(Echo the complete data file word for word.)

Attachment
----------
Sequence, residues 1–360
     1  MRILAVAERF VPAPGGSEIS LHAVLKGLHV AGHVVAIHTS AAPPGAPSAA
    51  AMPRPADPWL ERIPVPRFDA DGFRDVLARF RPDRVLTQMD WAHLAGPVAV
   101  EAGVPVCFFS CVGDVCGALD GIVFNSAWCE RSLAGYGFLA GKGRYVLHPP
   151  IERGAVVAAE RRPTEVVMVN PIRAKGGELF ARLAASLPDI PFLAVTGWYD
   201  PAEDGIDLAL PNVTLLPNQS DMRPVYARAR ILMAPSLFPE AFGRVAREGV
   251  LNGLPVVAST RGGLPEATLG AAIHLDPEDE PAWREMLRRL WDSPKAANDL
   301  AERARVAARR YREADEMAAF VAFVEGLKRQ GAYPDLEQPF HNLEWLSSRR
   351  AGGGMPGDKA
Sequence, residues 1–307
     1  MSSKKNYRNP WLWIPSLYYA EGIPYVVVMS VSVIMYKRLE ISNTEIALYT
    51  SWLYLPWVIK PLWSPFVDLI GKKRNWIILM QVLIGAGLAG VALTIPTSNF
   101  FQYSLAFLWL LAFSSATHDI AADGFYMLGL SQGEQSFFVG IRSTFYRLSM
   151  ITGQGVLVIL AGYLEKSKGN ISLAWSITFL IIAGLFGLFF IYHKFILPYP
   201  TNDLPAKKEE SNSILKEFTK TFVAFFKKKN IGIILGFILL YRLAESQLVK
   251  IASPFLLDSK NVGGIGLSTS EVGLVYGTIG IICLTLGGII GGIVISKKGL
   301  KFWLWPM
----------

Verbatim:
Sequence, residues 1–360
     1  MRILAVAERF VPAPGGSEIS LHAVLKGLHV AGHVVAIHTS AAPPGAPSAA
    51  AMPRPADPWL ERIPVPRFDA DGFRDVLARF RPDRVLTQMD WAHLAGPVAV
   101  EAGVPVCFFS CVGDVCGALD GIVFNSAWCE RSLAGYGFLA GKGRYVLHPP
   151  IERGAVVAAE RRPTEVVMVN PIRAKGGELF ARLAASLPDI PFLAVTGWYD
   201  PAEDGIDLAL PNVTLLPNQS DMRPVYARAR ILMAPSLFPE AFGRVAREGV
   251  LNGLPVVAST RGGLPEATLG AAIHLDPEDE PAWREMLRRL WDSPKAANDL
   301  AERARVAARR YREADEMAAF VAFVEGLKRQ GAYPDLEQPF HNLEWLSSRR
   351  AGGGMPGDKA
Sequence, residues 1–307
     1  MSSKKNYRNP WLWIPSLYYA EGIPYVVVMS VSVIMYKRLE ISNTEIALYT
    51  SWLYLPWVIK PLWSPFVDLI GKKRNWIILM QVLIGAGLAG VALTIPTSNF
   101  FQYSLAFLWL LAFSSATHDI AADGFYMLGL SQGEQSFFVG IRSTFYRLSM
   151  ITGQGVLVIL AGYLEKSKGN ISLAWSITFL IIAGLFGLFF IYHKFILPYP
   201  TNDLPAKKEE SNSILKEFTK TFVAFFKKKN IGIILGFILL YRLAESQLVK
   251  IASPFLLDSK NVGGIGLSTS EVGLVYGTIG IICLTLGGII GGIVISKKGL
   301  KFWLWPM